After a physical first-round victory against the Canadiens, the Rangers return to the ice Thursday against the Senators. With storylines aplenty, the Blueshirts should expect another tight, hotly-contested series as they seek their third Eastern Conference Finals trip in four years.

Read on for three keys to the second-round playoff series.

Power outage

To put it plainly, the Rangers’ power play was miserable against Montreal. The Blueshirts failed to score with an advantage until Game 6, going 1-for-15 in the series. This coming from a team that ranked 10th on power plays during the regular season, capitalizing on 20.3% of its opportunities.

Ottawa wasn’t much better, going 3-for-18 in their first five games against the Bruins. Like the Rangers, they were more effective in Game 6, scoring twice with the advantage.

Minding the netminders

Henrik Lundqvist is peaking at an opportune time. After a less-than-perfect regular season, the 35-year-old looked like a new man against the Habs, posting a .947 save percentage. He earned a shutout in Game 1 and held Montreal to two goals or less in Games 4-6.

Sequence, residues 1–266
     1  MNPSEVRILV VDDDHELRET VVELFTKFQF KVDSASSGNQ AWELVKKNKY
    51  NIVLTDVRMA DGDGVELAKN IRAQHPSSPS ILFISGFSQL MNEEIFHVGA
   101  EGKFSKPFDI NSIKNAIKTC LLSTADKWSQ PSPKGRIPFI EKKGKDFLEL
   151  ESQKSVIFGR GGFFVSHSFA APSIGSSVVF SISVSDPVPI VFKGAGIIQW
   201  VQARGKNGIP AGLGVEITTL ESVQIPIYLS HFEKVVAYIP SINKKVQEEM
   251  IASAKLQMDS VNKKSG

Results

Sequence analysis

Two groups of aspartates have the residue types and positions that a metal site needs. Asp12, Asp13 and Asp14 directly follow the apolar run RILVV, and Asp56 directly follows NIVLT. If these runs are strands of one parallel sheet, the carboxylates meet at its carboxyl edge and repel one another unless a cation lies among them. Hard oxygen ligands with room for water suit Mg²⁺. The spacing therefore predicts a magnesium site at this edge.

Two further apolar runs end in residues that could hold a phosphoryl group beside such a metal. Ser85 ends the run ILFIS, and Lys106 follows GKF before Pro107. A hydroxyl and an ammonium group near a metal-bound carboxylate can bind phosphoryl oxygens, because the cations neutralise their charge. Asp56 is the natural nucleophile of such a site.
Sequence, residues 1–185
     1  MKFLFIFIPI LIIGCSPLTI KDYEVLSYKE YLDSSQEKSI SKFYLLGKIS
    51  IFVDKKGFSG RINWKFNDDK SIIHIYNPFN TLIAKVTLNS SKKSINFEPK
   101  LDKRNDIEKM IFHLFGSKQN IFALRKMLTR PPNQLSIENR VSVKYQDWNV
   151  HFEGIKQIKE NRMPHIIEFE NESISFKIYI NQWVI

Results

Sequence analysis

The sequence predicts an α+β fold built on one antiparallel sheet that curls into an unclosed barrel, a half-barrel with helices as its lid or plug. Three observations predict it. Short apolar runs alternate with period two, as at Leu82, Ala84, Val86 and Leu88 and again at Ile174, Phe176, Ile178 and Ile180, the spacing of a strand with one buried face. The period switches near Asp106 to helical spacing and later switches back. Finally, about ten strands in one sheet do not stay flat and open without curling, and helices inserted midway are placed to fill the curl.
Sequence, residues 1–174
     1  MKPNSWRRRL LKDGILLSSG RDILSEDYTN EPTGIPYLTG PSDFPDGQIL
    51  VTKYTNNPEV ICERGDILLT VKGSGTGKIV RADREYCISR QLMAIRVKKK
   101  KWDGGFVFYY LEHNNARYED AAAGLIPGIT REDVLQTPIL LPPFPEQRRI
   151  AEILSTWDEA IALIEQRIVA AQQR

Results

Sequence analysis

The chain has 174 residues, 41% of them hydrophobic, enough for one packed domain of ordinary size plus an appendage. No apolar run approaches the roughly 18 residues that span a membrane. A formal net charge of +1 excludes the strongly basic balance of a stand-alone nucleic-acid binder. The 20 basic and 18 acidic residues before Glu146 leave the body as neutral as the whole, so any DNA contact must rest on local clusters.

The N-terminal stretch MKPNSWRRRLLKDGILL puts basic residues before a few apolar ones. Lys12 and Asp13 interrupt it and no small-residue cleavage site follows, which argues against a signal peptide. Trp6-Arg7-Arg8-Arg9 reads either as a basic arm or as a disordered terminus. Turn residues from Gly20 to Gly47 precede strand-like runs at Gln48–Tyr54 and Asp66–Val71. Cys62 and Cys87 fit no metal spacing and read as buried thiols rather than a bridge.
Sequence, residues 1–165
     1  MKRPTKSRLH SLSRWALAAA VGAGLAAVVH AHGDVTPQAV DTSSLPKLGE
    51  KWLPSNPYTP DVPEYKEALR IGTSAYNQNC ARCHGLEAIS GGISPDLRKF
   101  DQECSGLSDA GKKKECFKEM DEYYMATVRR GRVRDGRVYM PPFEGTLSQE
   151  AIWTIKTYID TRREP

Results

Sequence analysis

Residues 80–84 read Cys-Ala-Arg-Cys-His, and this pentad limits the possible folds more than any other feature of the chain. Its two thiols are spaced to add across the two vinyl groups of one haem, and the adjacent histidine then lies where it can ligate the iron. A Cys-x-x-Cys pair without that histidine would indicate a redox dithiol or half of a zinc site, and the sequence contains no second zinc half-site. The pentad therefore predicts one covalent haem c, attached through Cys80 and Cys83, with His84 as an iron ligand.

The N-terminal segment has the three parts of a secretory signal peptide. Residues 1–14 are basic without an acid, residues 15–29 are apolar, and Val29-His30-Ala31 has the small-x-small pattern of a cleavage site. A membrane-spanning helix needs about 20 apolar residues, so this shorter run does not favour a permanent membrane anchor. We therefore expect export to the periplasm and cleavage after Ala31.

Across the ice is Craig Anderson, who ranked third in save percentage during the regular season (.926). He was solid against Boston but surrendered three goals in Games 2, 3 and 5. But Anderson shined in Game 4, saving 22 shots en route to a shutout.

Ottawa’s Achilles heel

It usually isn’t wise to show your cards, but the Senators’ Erik Karlsson must not be too concerned. The 26-year-old defenseman revealed this week that he’s been playing with hairline fractures in his left heel since the end of March.

Despite the injury, Karlsson led Ottawa to its first playoff series victory in four years and insists his foot is all but healed. He averaged 30:24 on the ice and racked up six assists against Boston.

Expect the Rangers to place additional pressure on him in an effort to exploit whatever is left of the injury. But Karlsson played exceptionally in the first round, so only time will tell if more wear and tear will slow him down.